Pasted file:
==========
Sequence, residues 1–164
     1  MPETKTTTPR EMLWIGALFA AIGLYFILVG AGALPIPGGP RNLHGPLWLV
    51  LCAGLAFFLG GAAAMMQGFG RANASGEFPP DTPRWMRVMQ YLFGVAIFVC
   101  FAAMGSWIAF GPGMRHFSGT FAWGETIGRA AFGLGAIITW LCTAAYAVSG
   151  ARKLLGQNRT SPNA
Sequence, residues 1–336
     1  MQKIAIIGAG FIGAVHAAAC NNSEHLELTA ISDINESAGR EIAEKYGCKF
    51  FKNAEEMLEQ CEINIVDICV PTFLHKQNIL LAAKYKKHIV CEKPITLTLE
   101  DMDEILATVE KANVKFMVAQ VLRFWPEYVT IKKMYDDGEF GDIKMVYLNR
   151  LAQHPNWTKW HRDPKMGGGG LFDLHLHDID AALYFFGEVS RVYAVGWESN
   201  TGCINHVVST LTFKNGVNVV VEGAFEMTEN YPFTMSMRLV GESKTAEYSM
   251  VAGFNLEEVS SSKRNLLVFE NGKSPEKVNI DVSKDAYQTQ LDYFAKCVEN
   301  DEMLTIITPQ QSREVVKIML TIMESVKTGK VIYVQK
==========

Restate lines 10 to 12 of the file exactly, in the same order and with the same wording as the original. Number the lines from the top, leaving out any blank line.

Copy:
   151  LAQHPNWTKW HRDPKMGGGG LFDLHLHDID AALYFFGEVS RVYAVGWESN
   201  TGCINHVVST LTFKNGVNVV VEGAFEMTEN YPFTMSMRLV GESKTAEYSM
   251  VAGFNLEEVS SSKRNLLVFE NGKSPEKVNI DVSKDAYQTQ LDYFAKCVEN